What then are the threats? General threats to information can be classified as follows:

  • Accidents – These are errors arising from mistakes by staff. For example, it is surprisingly easy for a webmaster to delete many key files of a web site.
  • Natural Disasters – These include fire and flood. If a company host their own e-commerce server or their ISP is affected by such a disaster, then it is possible that their web presence could be lost for several days in the event of a flood.
  • Sabotage (Industrial and Individual) – This is deliberate sabotage of a system possibly for commercial gain or due to an individual grudge such as an ex-employee.
  • Theft – This is theft of information such as credit card numbers, for commercial gain.
  • Unauthorized Use (Hacking) – This can be for the purposes of theft or sabotage, but sometimes it has no malicious intention – it is a challenge for technically minded people to try to break into systems.
  • Hijacking – A company’s web server may be used to mount attacks on other servers. For example, Denial of Service attacks to send a lot of unwanted traffic to major sites such as Yahoo! were mounted by sending messages from many hijacked computers. Similarly, Spammers can hijack a mail server and use it for sending SPAM. This could result in your web operations being shut down by the ISP if they believe you are to blame.
  • Computer Viruses – these are programs which spread between machines with, or without the intention of causing damage. As we will see in a later section, there are a great variety of viruses.

To prevent these types of problems, it is important that someone in the business is responsible. This is typically, the IT manager or e-commerce manager in a larger company, but if a business is small, there may not be an IT manager, so another manager will need to do this as part of their role. In fact, it may not be able to complete prevent these types of problems, since as we will see later there are so many hundreds of thousands of viruses, with a new one discovered every few seconds that it is likely that defenses may be breached. Given this, an approach based on risk management is a useful one. Risk management uses the following approach.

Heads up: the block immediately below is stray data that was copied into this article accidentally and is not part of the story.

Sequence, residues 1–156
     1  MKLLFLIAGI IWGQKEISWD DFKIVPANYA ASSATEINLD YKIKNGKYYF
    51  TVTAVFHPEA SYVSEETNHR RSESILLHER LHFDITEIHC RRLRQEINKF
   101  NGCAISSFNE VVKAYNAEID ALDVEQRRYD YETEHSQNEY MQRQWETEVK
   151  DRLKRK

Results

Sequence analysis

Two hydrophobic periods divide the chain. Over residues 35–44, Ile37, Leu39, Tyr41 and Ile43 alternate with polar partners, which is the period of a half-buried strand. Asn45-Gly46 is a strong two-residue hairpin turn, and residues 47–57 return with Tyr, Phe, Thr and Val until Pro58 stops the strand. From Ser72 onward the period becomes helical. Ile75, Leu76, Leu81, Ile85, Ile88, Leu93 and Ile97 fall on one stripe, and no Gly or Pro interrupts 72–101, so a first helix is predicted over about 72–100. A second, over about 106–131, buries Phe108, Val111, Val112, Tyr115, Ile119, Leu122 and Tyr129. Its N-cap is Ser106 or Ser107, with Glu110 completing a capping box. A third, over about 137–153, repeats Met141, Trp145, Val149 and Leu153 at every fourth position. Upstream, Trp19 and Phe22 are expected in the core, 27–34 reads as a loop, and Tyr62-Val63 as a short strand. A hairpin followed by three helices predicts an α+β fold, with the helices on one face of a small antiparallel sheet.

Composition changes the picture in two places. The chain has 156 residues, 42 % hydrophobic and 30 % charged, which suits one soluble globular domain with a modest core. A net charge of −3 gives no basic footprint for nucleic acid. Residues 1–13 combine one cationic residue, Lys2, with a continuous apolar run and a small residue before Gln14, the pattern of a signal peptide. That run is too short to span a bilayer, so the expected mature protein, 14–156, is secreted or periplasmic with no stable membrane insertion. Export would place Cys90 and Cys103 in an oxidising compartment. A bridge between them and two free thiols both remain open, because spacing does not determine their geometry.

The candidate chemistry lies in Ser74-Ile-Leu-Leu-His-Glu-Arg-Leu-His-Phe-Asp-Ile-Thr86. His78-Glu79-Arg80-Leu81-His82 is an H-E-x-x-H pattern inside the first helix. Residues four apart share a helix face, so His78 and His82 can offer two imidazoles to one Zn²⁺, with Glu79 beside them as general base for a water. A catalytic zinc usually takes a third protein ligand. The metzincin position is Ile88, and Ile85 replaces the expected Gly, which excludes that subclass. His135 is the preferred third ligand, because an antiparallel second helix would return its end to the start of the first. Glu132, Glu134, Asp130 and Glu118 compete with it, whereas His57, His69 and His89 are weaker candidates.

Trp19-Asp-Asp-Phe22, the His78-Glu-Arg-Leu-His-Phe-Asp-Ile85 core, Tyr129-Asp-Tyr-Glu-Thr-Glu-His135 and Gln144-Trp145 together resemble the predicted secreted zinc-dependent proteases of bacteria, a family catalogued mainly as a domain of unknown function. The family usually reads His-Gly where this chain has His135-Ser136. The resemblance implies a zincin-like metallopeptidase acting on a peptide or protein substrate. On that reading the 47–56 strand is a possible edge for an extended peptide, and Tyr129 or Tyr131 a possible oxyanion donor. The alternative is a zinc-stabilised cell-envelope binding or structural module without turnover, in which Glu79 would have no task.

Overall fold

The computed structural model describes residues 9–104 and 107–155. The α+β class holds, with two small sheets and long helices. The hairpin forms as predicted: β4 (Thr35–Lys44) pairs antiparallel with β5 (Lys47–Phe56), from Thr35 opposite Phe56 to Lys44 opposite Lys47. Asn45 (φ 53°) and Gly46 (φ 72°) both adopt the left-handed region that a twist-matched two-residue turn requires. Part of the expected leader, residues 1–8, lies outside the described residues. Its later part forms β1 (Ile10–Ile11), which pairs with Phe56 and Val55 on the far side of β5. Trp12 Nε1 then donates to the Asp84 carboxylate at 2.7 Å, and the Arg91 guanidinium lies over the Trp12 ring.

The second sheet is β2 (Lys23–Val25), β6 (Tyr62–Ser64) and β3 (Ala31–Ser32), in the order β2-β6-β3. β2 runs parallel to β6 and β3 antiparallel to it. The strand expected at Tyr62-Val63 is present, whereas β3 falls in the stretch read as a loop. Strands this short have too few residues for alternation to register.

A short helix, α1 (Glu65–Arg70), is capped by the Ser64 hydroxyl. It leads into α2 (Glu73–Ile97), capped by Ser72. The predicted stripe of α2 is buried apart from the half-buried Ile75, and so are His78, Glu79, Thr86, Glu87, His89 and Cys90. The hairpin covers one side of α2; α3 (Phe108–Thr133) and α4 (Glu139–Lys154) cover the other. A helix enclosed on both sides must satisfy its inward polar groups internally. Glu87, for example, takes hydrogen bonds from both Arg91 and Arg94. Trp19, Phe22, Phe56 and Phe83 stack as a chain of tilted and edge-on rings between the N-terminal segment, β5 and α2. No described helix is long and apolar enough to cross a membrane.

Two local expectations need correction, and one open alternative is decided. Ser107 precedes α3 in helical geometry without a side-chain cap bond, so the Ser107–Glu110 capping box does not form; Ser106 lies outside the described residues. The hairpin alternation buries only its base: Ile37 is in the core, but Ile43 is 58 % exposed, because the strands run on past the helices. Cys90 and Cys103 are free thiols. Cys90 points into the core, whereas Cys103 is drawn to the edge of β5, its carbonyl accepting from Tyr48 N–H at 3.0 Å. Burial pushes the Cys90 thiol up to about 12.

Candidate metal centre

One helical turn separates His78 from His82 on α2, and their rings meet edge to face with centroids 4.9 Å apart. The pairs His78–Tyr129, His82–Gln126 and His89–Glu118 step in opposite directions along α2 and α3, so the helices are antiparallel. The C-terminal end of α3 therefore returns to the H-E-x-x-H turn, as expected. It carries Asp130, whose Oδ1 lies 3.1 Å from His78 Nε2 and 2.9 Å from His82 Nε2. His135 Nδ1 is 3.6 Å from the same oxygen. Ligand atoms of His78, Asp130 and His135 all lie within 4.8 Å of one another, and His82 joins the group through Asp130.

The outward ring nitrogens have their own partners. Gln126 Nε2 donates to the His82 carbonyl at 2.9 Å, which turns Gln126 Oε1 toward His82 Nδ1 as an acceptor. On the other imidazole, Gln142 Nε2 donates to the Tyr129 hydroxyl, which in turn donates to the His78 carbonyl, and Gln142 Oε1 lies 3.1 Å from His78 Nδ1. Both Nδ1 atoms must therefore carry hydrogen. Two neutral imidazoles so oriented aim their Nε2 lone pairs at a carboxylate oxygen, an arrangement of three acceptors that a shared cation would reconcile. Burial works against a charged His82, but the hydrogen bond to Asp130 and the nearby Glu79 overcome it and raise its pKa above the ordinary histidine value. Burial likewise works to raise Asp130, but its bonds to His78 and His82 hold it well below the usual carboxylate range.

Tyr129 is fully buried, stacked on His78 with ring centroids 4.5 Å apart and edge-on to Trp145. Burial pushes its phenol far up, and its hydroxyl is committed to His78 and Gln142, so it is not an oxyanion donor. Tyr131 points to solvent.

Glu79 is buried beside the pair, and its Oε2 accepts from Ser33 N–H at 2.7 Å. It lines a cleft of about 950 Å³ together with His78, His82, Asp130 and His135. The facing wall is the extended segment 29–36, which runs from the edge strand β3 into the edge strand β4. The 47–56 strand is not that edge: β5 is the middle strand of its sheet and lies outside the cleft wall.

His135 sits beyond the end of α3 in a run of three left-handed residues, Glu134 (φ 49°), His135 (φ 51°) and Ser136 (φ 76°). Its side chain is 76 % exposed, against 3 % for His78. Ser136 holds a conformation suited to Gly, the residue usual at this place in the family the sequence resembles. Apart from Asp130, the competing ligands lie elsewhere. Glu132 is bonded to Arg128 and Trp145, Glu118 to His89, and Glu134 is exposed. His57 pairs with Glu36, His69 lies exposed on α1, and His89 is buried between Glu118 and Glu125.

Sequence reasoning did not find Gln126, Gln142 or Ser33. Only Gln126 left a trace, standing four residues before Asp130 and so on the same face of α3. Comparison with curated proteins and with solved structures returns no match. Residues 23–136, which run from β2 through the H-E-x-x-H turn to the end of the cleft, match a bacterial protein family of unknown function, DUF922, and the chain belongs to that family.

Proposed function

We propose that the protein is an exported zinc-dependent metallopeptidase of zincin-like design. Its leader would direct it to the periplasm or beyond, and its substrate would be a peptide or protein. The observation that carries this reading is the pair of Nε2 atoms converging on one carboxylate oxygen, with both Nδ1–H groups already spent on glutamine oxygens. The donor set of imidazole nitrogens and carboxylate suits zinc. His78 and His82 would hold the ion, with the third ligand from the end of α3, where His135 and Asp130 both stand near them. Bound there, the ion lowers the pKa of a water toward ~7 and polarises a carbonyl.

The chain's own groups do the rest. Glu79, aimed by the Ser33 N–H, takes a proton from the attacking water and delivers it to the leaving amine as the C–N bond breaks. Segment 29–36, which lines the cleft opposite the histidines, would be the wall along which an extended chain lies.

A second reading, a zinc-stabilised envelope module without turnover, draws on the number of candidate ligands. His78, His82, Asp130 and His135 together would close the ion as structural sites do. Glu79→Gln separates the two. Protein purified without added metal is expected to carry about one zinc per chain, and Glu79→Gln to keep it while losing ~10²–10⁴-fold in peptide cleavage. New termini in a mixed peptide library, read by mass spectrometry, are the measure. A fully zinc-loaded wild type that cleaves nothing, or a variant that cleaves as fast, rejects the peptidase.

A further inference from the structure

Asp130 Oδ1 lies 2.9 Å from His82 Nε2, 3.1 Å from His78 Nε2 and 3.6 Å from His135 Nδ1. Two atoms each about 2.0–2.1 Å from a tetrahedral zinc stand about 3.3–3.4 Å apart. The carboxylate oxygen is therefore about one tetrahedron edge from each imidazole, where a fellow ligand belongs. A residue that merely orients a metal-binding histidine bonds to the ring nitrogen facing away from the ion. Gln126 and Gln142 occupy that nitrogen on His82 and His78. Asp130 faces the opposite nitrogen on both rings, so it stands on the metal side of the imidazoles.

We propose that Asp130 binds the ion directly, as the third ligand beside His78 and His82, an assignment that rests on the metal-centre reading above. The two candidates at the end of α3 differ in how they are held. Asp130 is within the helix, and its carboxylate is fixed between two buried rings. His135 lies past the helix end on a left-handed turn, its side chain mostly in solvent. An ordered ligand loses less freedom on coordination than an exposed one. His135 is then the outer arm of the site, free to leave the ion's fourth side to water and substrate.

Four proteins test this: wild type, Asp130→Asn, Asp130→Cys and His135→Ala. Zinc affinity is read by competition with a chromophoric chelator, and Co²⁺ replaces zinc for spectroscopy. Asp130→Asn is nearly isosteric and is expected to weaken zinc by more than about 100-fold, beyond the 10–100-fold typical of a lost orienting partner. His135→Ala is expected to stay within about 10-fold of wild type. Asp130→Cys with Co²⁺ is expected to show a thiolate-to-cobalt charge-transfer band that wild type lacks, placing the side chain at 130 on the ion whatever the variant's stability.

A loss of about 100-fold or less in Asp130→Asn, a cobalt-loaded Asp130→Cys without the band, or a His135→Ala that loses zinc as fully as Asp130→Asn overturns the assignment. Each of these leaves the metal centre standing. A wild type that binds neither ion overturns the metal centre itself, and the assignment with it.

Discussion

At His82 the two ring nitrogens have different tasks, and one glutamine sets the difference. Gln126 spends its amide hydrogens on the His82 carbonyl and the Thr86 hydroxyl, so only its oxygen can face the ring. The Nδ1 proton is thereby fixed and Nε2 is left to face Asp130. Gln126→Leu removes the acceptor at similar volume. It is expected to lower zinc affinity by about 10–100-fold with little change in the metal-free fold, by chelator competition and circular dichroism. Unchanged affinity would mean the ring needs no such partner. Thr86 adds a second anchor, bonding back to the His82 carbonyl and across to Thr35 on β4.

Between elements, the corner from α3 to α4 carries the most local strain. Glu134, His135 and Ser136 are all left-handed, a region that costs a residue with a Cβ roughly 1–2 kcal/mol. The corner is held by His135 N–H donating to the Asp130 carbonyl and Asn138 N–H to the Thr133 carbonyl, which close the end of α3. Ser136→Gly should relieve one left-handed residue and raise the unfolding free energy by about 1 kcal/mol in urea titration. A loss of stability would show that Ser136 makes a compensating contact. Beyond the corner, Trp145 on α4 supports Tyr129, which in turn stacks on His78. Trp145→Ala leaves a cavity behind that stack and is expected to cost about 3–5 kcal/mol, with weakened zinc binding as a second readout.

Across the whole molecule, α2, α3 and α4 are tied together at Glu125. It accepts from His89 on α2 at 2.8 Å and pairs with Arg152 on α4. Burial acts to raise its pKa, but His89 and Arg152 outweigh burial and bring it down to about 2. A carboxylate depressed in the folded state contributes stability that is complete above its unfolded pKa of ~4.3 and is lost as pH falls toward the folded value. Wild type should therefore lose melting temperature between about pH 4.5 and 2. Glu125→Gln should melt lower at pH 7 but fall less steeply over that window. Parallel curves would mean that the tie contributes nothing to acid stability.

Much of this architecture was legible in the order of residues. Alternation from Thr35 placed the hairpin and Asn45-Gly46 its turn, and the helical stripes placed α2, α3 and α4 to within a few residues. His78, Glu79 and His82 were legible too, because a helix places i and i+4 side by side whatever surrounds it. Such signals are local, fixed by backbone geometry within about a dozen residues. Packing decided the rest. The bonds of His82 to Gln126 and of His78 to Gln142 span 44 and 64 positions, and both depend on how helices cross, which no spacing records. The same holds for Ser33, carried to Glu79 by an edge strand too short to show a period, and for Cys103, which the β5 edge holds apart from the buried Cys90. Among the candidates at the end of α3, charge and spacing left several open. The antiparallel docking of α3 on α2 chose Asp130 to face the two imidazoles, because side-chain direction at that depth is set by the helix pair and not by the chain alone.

1. Identify risks including their probabilities and impacts
  2. Identify possible solutions to these risks
  3. Implement the solutions targeting the highest impact, most likely risks.
  4. Monitor the risks to learn for future risk assessment

For all the opportunities that the Internet provides for business and consumers, it can also pose a great risk to information belonging to those businesses and consumers. The Internet provides a gateway to a range of information, but also provides a gateway for malicious programs developed by malicious people to corrupt and destroy information. A key role of the IT manager or e-commerce manager is to protect their business from these threats. Remember that the business is also custodian for customer data and if customer data such as credit card numbers are lost, then this will reflect badly on the business. Fears over security used to be one of the main barriers to consumer and business adoption to the Internet, but this has declined dramatically over the last 5 years. Nevertheless, demonstrating security is still important to consumer confidence. Witness, the efforts that e-tailers take to reassure customers about security and privacy.